Back in 2011, they started to look at growing cotton in their local community, going from seed to finished garment in the same town. And Florence has a deep seated textile tradition.
But when NAFTA came in all the cotton seeds were genetically modified. They were told as a company that they can’t grow cotton without pesticides. The bugs will eat it. But they did. They grew it, they had cotton picking parties they weeded by hand and they made it work. They sent it a mill in north Carolina to be spun into thrill and the owner said ‘I’ve never seen such clean cotton’.
The Suit for the Tennyson chase sequence
The jacket looks a little short. It’s a grey charcoal roped striped suit. I like the fact that he gets to do a lot in this suit. It’s an office suit, but also an action suit, and as much as we like seeing Bond in the field with a duster or a Harrington, I like it that he has been caught off guard and sprang into action. No time to change, its on baby! But it’s also not a remarkable suit. Like the grey sharkskin one, it’s not something that detracts from the action.
He is elegant, he looks the business, but I’ll be honest, until I sat and down and did some notes for this, I’ve not thought twice about that suit.
I’ve thought twice about the Tennyson poem, I’ve thought twice about the Aston Martin DB5 that Bond later escapes with M to Scotland in, but that’s it. That’s also a mark of good costume design, to serve the story and not detract from the action.
The Tuxedo for an evening in the Macau Casino
Midnight blue was very much in during the 1930s because no one wanted to be mistaken for the maitre’d. (Who wore black) Even George Lazenby got mistaken for the maitre’d at some point during his time as Bond. So that become the progenitor for midnight blue with ready to wear brands, J Crew, Brooks Brothers to name a few, all started doing these. Everyone was getting married in midnight blue.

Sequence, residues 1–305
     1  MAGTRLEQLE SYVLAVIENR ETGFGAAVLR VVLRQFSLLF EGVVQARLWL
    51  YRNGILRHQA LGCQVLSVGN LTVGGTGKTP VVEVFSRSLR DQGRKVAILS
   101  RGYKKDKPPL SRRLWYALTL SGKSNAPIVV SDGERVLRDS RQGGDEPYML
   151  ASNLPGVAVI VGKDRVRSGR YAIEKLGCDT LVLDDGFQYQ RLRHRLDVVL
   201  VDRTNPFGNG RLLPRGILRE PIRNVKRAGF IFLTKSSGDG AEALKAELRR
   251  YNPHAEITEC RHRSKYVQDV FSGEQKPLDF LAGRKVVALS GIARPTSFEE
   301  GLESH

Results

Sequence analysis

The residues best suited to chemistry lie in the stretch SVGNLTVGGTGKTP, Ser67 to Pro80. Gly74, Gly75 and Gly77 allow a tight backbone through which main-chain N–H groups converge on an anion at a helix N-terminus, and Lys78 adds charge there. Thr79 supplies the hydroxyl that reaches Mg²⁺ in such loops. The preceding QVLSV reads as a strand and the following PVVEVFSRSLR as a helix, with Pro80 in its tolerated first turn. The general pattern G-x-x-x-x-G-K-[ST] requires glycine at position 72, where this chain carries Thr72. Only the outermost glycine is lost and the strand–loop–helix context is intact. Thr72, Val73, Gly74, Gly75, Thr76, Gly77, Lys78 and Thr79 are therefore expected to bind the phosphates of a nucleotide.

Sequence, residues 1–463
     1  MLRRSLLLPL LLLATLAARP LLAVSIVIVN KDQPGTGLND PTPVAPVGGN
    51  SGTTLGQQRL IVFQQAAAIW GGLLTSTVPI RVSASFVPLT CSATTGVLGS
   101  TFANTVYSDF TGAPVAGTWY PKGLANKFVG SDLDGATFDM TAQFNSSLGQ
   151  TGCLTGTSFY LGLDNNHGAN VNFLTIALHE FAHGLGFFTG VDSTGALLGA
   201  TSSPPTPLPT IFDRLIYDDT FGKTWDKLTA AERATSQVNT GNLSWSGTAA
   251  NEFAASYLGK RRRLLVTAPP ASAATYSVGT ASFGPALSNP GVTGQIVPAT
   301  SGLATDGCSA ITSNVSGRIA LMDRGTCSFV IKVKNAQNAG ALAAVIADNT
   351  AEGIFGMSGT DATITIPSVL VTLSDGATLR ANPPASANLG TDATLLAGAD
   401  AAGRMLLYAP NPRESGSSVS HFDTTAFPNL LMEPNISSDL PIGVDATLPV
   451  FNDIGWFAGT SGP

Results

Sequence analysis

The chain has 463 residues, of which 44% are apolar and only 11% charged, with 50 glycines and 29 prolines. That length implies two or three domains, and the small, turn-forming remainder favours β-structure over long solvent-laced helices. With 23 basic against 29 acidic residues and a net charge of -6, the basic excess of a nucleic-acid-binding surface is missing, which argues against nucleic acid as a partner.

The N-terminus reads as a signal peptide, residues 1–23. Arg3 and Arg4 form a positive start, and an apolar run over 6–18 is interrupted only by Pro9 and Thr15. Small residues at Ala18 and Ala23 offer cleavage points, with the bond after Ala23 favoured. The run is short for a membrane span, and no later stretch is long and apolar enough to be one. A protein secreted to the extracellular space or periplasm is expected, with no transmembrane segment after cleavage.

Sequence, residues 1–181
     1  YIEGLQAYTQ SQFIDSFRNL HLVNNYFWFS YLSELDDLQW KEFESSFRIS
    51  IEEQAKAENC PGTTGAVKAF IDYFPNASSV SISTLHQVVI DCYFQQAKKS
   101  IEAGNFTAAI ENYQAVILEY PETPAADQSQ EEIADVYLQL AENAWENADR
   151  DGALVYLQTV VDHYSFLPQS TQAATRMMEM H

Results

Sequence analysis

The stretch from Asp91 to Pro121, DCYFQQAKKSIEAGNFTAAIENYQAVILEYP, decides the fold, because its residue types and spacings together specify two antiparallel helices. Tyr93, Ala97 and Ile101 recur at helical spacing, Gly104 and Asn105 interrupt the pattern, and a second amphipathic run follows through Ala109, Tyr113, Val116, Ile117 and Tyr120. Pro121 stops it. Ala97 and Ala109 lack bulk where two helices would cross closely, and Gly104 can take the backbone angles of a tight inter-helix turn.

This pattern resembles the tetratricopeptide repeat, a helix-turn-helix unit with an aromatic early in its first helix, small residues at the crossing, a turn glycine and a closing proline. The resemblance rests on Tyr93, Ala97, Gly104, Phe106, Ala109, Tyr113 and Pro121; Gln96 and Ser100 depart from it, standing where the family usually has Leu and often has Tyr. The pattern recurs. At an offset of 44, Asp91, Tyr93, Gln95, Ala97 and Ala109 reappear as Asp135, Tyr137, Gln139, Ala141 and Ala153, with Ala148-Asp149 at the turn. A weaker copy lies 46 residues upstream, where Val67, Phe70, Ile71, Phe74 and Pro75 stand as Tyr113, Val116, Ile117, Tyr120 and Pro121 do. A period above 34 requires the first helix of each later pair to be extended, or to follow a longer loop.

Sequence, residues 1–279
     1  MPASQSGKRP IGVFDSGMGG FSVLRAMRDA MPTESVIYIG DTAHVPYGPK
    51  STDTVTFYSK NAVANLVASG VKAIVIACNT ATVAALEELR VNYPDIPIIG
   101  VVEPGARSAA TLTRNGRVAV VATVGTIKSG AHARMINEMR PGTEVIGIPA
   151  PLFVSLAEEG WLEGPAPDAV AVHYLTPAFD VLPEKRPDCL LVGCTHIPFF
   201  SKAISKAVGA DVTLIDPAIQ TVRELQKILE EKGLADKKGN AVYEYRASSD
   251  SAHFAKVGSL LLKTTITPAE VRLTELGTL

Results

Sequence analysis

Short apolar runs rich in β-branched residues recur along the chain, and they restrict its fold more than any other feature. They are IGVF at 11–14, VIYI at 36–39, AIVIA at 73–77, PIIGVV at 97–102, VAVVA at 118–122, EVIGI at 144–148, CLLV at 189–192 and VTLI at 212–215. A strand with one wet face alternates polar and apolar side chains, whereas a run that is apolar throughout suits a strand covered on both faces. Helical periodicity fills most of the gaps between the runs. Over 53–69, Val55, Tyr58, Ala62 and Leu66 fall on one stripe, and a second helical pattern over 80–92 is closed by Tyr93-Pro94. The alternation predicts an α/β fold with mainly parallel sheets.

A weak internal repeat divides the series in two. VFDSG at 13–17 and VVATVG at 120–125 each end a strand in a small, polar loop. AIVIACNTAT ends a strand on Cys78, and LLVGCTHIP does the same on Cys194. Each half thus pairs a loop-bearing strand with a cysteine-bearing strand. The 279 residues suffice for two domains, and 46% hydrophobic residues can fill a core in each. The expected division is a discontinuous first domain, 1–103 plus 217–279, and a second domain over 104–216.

Barbour x To Ki To
This Barbour jacket is indivisible from Bond. It’s hard to see that jacket, without seeing it on Bond and thinking of the penultimate act of Skyfall. It’s fitted perfectly. I see that jacket in London a fair bit. Bond (or the costume team) have customised it such that it it almost looks like a dishevelled suit jacket. It’s so fitted, without the zip hood and the extra paraphernalia.
As Bond drives to Skyfall lodge in his TOM FORD suit, we can only presume this was his father’s jacket, waiting for him there in storage.
Referencing our book
Costume designer Jany Temime had images of Sean Connery on the mood boards. Daniel Craig mentioned that the tone and style elements of Goldfinger was a baseline for the film Skyfall. I think that too, certainly in some references to the ejector seat, the grey suit, but also the film is very direct, it’s a nuts and bolts film. It sits on its own in the franchise, it doesn’t feel the need to weave previous plots or character arcs. It doesn’t have any baggage.
Also its like a good pop song, the key to a good pop song is the song goes where your ear wants it to go. This mirrors that I think, the story and the journey of Bond goes where it wants you to go. My only caveat to that is that I think it’s too early in his tenure to say he’s lost a step, I mean he’s early 40s.
Catch the full debate on the key style elements of Skyfall in the video below.